What else do you look on as accomplishments?
One satisfying aspect of the job for me was having the financing to build the department up, acquiring new apparatus and building new stations. Support from the community made both of those things possible. We have received very generous donations, volunteer labor, donated materials. Most of the work in Rancho Navarro was done by residents there who were not members of the department. We have some very skilled contractors and carpenters in the Valley. So we get a real bang for the buck because the tax dollars are supplemented by donations and volunteers. In my time as Chief we've had the new Rancho Navarro Station, the Boonville firehouse, the new Philo fire station, and Holmes Ranch. We have our eye on Signal Ridge but it's hard to get volunteers in that area to staff the station so that’s a problem that’s not solved now.
I think we also need to do something about the area at around the intersection of Highway 128 and Mountain House Road. You'd be surprised how much development has occurred out there and it's pretty far from Anderson Valley or Cloverdale.
It seems like there are some new faces showing up lately.
Andres [Avila] deserves some credit for that. He is a young dynamic leader and younger people gravitate more to him than to me. I did a study of a few years ago trying to figure out what makes a successful volunteer — who sticks around for 10 years or more? I sent out questionnaires around the county to people who have been volunteers for at least 10 years. The profile that came back was people in their early 40s, married with kids, own their own property and possibly self-employed. That profile tends to stick with the department for a long time and they are well worth the investment in training and experience. If you can recruit those people without having them burn out, they will become mainstays of the department for years.
Would you say that Anderson Valley has more women volunteers than any other department?
Yes. Anderson Valley has a significant percentage of women actively volunteering. I'm proud of that. One area that I've never been happy with is the low level of participation from members of the Mexican community. Hopefully Andres will be able to improve that situation. Given the demographics of Andersen Valley we should have at 10 or 15 Mexican volunteers. We need to tap that resource pool because as it stands, we provide this service but we don't get the level of participation that we need. We can do better in that area. It's possible that that's improving. More and more of the Mexican people in the Valley have grown up here and went to school here. They don't have any language issue. And more of them are sticking around. We have done some recruiting at the high school but as much as that might help the kid, it doesn't help the department much because there's a good chance they'll leave the Valley even if they become interested in firefighting.
Volunteers present unique management challenges, don’t they?
It’s harder to manage a volunteer fire department because you can’t just order people do things. Sometimes people just don't work out and you have to tell them that it's best if they just separate or take a break. But it can be a long and painful process. Fortunately that hasn't happened very often; maybe once or twice. And of course they still lived in this same small valley and you see them periodically. There's one guy who won't speak to me anymore. That's too bad. Another case where I decided I had to give someone an ultimatum and expected it to go badly. Finally I suggested that maybe they take a leave of absence or back off or while. So it wasn't as bad as I thought it might be.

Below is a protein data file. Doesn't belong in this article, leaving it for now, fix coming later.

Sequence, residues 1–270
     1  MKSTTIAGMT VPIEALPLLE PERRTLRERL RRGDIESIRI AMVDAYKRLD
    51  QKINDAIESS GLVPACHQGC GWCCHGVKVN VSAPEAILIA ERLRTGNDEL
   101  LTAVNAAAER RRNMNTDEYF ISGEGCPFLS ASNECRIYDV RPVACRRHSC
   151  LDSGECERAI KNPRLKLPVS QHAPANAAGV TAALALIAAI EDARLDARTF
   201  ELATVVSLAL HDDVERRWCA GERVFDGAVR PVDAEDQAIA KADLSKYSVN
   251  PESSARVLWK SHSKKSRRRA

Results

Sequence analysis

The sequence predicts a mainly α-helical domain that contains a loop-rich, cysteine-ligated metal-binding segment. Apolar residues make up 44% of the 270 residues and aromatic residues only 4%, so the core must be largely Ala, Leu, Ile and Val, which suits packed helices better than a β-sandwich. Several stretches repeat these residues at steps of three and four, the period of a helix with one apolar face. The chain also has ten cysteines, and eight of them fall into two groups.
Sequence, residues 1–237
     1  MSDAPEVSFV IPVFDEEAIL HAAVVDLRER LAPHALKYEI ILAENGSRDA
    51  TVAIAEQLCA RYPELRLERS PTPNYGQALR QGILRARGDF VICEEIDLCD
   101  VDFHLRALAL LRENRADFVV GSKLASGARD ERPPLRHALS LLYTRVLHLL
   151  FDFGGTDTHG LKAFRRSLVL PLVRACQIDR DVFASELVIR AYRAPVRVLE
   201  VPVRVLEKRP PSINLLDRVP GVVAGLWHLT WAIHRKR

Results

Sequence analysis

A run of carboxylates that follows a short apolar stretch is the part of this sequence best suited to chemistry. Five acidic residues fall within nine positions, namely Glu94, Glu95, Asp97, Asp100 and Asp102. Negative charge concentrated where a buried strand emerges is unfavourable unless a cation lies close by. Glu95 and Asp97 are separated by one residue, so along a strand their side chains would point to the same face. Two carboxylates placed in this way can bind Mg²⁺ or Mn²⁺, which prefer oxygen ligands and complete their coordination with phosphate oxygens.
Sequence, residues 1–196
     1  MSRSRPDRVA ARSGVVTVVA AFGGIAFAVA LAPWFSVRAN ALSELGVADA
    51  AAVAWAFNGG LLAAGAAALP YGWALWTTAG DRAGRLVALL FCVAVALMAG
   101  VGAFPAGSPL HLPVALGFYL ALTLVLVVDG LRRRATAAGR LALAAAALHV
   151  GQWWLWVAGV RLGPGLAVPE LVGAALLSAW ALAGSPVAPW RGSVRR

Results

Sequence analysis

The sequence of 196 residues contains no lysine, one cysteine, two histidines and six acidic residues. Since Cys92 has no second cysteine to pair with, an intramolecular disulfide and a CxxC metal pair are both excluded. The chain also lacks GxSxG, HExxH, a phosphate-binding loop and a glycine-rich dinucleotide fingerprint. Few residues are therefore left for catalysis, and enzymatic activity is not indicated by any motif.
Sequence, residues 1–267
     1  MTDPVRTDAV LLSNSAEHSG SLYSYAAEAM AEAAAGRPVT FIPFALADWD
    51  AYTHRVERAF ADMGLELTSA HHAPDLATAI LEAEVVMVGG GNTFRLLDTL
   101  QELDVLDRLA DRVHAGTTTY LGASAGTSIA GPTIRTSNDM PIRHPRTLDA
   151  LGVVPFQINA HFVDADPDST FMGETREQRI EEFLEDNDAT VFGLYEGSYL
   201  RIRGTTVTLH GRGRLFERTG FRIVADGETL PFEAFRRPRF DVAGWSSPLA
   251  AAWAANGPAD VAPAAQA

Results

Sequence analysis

Do you want to single anyone out for help and support while you were Chief?
There are a lot of people who helped and supported me. I hesitate to name names. But the officers in the various stations were a big help. Jim Minton being Captain of the Boonville Station came in and helped numerous times. When Jim says he’ll do something it gets done, and done right. Jan Wasson-Smith. Roy Laird. Terry Ferrelly who doesn't even live in the district has helped a lot too. When something serious developed he was always around to help. Some board members have done a lot for the Department too. Diane Paget who took the lead on getting the benefit assessment passed. Andrea LaCampagna during the lightning complex fires. Gene Herr has made useful contributions and is a good critic. And others.
What’s it like being retired?
It's a great relief not to be responsible for everything. The burden of dealing with mistakes, equipment breakdowns, people getting hurt, staffing problems — when you're the one in charge you have to make sure things get done. I still worry about some things of course, but I'm not responsible, thank God. It's wonderful. I also like not having to go an every call.
The main thing I miss is probably the same thing other volunteers like about this work — the sense of pride and accomplishment in a successful save, a well-handled accident or incident. The satisfaction of being a volunteer comes on the occasions when everything goes well in a serious situation when someone really needs help — a medical event, a fire, an accident. If you know that you made a real difference in somebody's life, there's nothing like it! I still have some of that as a volunteer. That's why I volunteered in the first place and that’s why I'm going to keep volunteering whenever I can. It's almost like a drug, once you get that rush of accomplishment, really helping someone or saving something. You can actually go overboard when it becomes an obsession. You have to make time for your family. You can't just walk away from your family for every call. It takes a while to develop that balance.